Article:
Posted: December 19, 2007 10:29 AM
After Florida Speech, Can Giuliani's Feb. 5 Strategy Work?
Former New York Mayor Rudy Giuliani introduced a new tagline to the next phase of his campaign: “Tested. Ready. Now” in a speech that his aides said would re-energize Giuliani’s supporters.
“I’ve met adversity before. I’ve led in situations that seemed hopeless and dire, in need of a miracle. I don’t just pray for miracles. I don’t just hope for miracles. I expect miracles,” Giuliani told a Tampa, Fla., crowd.
The broad speech re-focused his campaign, which is doing well in the Sunshine State and on states that vote Feb. 5 but not in Iowa and New Hampshire. Giuliani’s New York co-chairman Guy Molinari said that while the campaign is hoping for second-place finishes in the two early-voting states, he could survive with a fifth-place finish in Iowa and a third-place finish in New Hampshire.
But a look at the horserace reveals that Giuliani is slipping in national polls. With the rise of former Arkansas Gov. Mike Huckabee in Iowa, some analysts are questioning if Giuliani is rolling dice with his Feb. 5 strategy.. An American Research Group poll from early December put Giuliani and Huckabee tied for the national lead, with 21 percent each.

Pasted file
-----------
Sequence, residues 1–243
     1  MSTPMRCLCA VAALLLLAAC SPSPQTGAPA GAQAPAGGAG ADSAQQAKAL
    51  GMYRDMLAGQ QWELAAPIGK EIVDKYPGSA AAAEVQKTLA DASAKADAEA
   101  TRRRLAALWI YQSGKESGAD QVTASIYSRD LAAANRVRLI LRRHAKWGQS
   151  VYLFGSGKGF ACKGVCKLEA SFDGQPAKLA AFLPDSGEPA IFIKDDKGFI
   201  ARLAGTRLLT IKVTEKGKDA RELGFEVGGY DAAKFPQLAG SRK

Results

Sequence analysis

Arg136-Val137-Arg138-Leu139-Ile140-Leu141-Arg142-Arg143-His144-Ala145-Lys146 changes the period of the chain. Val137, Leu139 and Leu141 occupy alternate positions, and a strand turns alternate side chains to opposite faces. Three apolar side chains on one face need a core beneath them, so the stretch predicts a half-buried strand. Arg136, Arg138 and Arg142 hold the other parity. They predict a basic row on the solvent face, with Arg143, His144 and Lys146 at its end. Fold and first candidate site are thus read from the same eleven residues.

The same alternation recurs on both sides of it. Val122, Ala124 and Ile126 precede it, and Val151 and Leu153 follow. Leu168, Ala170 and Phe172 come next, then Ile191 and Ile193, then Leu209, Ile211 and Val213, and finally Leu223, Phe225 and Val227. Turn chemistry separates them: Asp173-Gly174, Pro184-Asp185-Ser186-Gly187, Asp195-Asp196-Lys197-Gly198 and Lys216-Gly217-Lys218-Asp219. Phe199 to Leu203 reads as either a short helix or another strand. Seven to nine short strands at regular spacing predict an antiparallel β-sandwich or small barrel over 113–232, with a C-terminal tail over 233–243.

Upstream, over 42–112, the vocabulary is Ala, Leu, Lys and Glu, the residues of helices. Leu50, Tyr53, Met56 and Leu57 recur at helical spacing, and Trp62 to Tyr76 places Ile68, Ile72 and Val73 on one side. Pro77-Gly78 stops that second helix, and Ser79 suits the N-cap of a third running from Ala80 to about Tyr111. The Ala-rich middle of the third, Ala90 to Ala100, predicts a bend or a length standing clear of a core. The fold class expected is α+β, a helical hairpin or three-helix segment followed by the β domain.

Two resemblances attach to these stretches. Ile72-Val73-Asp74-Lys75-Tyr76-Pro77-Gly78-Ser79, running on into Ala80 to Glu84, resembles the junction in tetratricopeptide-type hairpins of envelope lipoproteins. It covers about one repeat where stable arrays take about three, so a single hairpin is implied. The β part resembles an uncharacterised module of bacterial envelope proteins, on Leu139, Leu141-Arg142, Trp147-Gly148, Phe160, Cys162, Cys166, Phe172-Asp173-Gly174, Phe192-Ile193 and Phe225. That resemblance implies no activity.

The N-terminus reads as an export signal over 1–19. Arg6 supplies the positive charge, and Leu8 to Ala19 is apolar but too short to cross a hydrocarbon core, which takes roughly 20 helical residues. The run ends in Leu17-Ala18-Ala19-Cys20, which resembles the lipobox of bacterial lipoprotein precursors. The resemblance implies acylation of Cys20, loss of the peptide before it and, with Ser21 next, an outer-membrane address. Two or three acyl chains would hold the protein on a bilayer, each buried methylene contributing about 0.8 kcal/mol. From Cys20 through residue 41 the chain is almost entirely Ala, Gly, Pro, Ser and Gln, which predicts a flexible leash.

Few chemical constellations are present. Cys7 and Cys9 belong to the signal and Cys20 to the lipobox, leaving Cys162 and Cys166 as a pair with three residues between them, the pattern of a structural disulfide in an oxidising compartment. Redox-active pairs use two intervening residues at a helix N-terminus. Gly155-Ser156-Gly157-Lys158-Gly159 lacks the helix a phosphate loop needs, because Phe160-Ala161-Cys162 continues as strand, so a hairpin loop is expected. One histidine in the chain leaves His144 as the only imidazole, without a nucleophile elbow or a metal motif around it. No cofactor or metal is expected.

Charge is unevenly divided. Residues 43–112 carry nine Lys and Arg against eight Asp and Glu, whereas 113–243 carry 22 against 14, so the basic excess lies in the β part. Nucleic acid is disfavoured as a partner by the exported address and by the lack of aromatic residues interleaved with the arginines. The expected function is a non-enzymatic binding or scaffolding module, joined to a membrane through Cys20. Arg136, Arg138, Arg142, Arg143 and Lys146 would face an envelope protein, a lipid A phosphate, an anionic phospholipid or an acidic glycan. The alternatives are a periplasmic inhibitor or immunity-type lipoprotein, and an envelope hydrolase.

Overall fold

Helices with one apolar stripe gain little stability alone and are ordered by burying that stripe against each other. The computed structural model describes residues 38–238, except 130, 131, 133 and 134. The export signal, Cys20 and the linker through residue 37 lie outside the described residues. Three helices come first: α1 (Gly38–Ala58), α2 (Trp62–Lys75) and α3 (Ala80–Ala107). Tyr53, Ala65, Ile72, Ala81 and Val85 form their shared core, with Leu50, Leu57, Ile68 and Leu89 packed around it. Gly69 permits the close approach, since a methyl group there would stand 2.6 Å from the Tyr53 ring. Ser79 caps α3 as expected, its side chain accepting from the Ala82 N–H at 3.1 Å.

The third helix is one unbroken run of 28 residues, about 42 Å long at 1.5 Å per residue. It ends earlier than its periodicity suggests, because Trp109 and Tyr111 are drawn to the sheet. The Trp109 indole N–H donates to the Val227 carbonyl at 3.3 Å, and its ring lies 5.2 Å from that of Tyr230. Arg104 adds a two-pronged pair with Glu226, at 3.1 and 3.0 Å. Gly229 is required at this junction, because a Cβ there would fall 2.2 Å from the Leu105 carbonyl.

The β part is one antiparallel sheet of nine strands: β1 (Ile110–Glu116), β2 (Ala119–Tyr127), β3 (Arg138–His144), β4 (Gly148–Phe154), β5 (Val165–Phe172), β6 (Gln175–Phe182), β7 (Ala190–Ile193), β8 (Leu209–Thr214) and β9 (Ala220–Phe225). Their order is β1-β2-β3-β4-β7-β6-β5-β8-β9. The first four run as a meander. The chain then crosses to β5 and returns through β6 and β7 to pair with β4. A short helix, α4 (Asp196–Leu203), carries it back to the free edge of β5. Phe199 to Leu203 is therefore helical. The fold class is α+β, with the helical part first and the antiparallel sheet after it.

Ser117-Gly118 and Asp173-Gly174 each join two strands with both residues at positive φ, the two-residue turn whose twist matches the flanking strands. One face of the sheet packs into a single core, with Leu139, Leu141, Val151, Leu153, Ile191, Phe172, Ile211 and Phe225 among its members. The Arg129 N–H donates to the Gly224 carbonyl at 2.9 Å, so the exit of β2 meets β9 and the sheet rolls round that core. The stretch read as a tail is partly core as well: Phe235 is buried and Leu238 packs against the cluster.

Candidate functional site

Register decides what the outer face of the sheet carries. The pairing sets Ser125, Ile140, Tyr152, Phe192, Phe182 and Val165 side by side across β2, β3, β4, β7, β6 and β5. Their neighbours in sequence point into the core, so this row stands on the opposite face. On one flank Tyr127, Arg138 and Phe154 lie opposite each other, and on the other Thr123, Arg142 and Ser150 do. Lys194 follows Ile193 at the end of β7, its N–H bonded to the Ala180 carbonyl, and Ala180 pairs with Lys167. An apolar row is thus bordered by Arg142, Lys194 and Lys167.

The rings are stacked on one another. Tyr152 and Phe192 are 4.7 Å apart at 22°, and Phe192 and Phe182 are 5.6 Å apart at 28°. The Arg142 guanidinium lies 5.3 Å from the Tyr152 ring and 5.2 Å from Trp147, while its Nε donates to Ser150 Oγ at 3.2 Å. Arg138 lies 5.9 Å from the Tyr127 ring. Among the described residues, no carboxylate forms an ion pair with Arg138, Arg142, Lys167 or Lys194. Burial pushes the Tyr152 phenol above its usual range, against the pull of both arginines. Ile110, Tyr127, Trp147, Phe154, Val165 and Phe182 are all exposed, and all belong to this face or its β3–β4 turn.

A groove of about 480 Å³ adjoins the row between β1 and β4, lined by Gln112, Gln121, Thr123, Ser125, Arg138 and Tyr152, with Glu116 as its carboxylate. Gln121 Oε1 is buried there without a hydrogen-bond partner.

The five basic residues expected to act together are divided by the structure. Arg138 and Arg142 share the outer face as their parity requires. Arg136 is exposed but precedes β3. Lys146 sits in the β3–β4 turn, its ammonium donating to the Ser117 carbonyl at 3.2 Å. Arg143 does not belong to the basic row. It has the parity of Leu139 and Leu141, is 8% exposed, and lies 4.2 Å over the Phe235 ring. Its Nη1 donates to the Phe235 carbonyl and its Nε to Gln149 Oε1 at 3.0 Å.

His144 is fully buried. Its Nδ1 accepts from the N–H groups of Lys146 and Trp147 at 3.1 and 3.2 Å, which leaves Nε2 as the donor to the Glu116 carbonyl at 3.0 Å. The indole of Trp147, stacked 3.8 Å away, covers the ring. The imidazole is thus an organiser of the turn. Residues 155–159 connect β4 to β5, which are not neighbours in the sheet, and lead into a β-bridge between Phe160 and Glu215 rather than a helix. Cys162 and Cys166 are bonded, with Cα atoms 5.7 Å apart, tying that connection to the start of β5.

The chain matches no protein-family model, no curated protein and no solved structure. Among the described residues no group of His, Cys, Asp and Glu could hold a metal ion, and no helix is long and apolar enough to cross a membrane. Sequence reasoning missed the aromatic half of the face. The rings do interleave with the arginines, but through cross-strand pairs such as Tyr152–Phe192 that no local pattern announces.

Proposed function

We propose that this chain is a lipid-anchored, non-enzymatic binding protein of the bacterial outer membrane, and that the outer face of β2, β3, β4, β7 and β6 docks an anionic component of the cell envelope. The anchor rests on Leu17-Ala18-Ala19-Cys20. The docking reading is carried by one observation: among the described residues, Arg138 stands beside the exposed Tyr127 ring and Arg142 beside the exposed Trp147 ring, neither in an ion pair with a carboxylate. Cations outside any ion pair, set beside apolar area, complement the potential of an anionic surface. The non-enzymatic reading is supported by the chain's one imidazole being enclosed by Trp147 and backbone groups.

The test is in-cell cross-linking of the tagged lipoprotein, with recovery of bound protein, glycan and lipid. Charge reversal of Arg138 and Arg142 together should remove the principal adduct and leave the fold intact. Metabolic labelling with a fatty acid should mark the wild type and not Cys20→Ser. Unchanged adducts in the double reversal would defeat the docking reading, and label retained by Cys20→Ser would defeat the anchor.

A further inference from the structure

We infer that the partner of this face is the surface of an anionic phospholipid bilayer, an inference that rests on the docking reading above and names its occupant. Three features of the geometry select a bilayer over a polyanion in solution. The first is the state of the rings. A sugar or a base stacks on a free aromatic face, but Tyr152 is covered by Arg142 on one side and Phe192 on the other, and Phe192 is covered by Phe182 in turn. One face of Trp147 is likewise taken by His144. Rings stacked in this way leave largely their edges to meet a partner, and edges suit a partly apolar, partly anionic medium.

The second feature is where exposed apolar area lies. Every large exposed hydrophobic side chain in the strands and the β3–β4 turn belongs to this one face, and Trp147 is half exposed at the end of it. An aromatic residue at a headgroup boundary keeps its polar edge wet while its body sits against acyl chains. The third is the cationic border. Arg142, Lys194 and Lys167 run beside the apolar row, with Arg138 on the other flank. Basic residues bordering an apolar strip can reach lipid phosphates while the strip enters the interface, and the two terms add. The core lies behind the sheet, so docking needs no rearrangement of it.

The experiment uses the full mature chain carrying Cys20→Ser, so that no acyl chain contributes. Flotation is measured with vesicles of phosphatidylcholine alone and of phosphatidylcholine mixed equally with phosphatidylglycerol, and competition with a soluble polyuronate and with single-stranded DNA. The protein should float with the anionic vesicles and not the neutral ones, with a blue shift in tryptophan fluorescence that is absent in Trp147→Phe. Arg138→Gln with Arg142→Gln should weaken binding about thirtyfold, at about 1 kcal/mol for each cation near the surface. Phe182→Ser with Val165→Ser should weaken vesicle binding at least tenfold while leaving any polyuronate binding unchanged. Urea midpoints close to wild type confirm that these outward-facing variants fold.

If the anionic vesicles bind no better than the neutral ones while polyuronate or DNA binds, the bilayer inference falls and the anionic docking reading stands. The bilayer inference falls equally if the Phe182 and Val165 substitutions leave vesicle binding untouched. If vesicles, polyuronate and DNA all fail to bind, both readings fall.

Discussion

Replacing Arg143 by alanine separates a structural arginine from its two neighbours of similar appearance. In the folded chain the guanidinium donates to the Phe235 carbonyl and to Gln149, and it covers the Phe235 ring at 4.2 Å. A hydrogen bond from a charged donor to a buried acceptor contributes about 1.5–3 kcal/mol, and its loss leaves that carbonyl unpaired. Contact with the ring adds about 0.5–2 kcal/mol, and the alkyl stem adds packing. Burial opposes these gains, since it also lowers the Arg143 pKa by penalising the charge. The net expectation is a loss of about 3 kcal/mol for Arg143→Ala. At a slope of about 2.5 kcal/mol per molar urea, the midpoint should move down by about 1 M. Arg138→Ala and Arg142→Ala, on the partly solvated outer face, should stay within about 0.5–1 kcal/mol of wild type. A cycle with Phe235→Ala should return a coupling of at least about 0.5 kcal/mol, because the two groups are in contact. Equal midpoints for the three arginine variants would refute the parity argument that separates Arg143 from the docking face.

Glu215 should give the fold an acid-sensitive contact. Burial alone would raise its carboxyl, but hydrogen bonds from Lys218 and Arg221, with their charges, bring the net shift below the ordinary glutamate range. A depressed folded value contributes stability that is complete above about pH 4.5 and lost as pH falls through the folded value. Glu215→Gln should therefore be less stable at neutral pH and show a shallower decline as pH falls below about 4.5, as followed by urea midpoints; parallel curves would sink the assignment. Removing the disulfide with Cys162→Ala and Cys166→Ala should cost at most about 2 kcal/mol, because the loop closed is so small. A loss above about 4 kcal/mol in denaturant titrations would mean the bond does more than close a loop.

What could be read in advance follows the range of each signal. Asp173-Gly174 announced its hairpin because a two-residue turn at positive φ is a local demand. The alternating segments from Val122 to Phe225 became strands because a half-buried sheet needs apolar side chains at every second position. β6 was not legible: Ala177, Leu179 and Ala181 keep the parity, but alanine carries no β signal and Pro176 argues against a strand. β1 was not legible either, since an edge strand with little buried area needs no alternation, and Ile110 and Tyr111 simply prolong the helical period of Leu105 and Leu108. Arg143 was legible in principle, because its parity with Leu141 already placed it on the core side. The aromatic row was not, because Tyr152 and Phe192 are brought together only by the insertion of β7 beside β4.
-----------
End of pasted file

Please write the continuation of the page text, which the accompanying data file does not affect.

“Iraq and terrorism are down in importance. That hurts Giuliani,” said Brad Coker, the managing director of Mason-Dixon Polling & Research in a McClatchy analysis of Giuliani’s slipping poll numbers.
In New Hampshire, where his campaign released a series of TV and radio ads, his polls have continued to slide even as he increases his efforts there. As a result, his campaign has slashed his ad spending and even cancelled airtime it purchased, according to the New York Sun.
On Monday, Giuliani was in New Hampshire delivering a speech at Goss International Corporation. He will return to the Granite State on Friday, with events to be announced.
Beyond his slipping poll numbers, Giuliani has not been able to escape his close relationship with Bernard Kerik, the former police commissioner during Giuliani’s term as mayor who was indicted on federal corruption charges.
Then on Monday, John S. Martin Jr., Giuliani’s predecessor as U.S. Attorney for the Southern District of New York, wrote a New York Times op-ed challenging Giuliani’s claims that he turned around the office. “Mr. Giuliani’s claim to have turned around the Manhattan United States attorney’s office is not only untrue, it is an insult to the outstanding men and women who have served in that office over the last 50 years,” Martin wrote.
In the week ahead, Giuliani will make an appearance in Missouri — a Feb. 5-voting state with 58 delegates at stake — to speak to the press, hold an event at the Columbia Expo Center and then drop by the Smokehouse Market in Chesterfield.